Anthony’s has had the same chef, Carolyn Easton, for 27 years, apt for a business built on tight bonds and tradition. Barrasso talked fondly about interviewing Easton, whom he and his kids have embraced as part of the family.

“It was down to her and another woman who worked at Denny’s, and so had experience Carolyn didn’t,” he said. But Barrasso was aware that Easton was broke at the time, literally down to her last 35 cents, as Easton recalls it.


“The next day, after the interview, I got a postcard she sent,” Barrasso said. “It said, ‘I so enjoyed meeting your family, I would love to be a part of that picture.’ I said to myself, that was a message from God, I’m hiring her. She spent her last money on that postcard.”

Easton said she was immediately invited to family dinner with the Barrassos to celebrate joining Anthony’s. “I was sitting at the table with his mother, it was just me and her,” Easton remembered. “I was eating my pasta, and she was just staring at me. And I looked up, and she’s like, ‘Can you taste the love?’ And I got the little speech about how important that is. It kind of encouraged me – I just want to carry on their family tradition.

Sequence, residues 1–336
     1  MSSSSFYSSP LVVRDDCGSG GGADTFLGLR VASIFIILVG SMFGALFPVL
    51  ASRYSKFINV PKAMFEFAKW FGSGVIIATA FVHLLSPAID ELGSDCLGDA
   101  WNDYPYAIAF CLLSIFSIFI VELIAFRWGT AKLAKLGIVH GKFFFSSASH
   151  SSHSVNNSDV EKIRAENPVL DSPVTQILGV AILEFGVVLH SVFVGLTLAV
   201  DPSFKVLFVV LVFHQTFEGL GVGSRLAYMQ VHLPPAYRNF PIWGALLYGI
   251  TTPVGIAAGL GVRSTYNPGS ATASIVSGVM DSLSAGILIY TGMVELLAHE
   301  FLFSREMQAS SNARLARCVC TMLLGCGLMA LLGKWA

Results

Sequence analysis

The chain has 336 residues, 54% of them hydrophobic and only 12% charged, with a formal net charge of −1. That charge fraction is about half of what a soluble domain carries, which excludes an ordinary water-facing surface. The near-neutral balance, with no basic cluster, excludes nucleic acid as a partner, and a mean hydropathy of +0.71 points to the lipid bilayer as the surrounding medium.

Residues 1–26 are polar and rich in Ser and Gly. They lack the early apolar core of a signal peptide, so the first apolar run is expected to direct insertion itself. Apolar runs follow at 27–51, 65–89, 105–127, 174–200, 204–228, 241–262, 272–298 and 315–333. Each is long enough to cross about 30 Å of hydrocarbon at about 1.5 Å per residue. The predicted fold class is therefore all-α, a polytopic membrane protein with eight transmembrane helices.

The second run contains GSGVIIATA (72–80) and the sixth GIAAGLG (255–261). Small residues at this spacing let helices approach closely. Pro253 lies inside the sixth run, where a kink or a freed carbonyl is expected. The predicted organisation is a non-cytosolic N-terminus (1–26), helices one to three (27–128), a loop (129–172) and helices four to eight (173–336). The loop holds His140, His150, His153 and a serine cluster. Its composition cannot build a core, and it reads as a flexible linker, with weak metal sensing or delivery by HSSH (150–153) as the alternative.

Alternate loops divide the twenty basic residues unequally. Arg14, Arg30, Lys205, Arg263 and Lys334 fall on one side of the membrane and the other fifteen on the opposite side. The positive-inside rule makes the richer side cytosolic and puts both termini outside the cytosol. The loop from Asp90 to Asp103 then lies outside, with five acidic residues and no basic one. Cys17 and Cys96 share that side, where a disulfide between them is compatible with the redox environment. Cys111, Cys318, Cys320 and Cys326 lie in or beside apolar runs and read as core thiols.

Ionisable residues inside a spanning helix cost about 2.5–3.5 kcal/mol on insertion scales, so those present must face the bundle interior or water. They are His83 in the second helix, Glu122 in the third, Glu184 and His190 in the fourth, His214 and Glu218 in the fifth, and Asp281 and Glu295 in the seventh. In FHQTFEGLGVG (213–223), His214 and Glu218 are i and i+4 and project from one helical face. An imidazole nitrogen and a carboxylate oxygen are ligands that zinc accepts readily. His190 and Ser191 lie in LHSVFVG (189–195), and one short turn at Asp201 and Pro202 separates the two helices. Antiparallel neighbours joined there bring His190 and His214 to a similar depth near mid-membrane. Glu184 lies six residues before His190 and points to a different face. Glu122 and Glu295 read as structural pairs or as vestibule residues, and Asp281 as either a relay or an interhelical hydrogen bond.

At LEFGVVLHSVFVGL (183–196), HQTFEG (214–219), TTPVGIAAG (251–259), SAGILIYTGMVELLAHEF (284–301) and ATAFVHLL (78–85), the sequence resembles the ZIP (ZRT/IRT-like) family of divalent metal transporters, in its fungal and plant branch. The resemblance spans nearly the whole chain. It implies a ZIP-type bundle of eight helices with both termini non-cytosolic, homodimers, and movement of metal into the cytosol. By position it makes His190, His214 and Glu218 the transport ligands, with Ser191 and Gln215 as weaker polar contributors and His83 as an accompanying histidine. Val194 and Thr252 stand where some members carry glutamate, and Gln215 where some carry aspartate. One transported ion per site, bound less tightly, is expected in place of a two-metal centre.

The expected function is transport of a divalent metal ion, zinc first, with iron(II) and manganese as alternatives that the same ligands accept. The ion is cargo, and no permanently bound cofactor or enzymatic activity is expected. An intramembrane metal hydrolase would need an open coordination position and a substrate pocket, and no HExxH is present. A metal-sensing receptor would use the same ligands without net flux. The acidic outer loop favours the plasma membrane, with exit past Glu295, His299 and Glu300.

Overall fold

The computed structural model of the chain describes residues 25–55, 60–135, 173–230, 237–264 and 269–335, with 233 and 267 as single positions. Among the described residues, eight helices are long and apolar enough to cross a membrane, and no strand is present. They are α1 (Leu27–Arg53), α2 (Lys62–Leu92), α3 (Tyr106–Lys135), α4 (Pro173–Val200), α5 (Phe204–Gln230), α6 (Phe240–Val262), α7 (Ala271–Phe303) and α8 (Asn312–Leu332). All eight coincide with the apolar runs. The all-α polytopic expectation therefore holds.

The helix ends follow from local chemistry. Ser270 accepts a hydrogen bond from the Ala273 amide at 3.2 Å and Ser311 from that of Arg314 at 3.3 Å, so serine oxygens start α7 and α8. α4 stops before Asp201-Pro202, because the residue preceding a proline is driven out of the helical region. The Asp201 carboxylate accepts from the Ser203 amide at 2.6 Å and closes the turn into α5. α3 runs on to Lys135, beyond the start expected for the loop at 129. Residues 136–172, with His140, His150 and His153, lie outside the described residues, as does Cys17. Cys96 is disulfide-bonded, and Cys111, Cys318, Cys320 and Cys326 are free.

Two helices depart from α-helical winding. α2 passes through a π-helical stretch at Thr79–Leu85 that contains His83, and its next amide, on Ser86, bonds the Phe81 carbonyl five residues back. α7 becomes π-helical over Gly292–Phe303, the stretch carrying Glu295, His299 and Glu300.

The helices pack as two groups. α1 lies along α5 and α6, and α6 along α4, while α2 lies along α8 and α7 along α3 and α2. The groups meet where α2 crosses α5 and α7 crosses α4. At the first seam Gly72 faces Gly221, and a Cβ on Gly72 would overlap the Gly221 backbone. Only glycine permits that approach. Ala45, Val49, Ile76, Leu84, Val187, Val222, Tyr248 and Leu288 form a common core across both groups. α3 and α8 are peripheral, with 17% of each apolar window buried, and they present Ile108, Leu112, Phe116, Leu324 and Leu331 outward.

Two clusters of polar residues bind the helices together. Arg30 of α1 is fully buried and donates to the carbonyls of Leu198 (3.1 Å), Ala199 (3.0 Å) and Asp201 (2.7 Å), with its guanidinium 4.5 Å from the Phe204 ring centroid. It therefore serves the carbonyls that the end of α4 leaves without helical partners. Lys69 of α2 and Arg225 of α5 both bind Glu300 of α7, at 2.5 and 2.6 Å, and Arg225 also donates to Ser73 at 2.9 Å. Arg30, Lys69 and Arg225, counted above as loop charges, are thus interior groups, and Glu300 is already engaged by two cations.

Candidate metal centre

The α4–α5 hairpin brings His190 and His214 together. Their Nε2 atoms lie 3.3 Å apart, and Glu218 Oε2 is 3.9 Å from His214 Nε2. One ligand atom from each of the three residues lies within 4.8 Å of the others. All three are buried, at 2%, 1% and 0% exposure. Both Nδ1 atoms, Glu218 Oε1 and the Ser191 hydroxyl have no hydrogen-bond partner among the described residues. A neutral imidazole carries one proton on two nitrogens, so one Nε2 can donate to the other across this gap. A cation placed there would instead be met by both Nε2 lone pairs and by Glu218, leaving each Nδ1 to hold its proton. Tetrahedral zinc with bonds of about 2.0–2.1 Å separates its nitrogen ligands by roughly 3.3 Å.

“I’m more of a cook than a chef,” she continued. “I follow the old family recipes. We get a lot of people come down here and say, ‘This tastes just like my grandmother’s.’ I want to make sure people can taste the love.”

Easton has been with the Barrassos as the Old Port gentrified, OJ was acquitted and the Twin Towers fell. The team at Anthony’s was there for each other when Anthony’s wife, Joan, died of cancer in 2007.

“She was my girlfriend since the first grade,” Barrasso said with a bittersweet smile. “I was so in love with my wife.”

The recent wedding reception for Anthony Barrasso’s daughter in the dining area of Anthony’s Italian Kitchen, a fixture in the Old Port. The restaurant has fed several generations of lawyers, judges and law clerks. Gregory Rec/Staff Photographer



When the pandemic hit, though, Anthony’s underwent some of its biggest challenges to date. Barrasso is diabetic, and for his own safety, the children forbade him from coming in to work for four months at the outset in 2020.

Barrasso complied with their order, but just barely. Every work day, he’d mask up and drive to Anthony’s, parking outside on Middle Street so he could greet customers personally from the safety of his SUV before they went inside.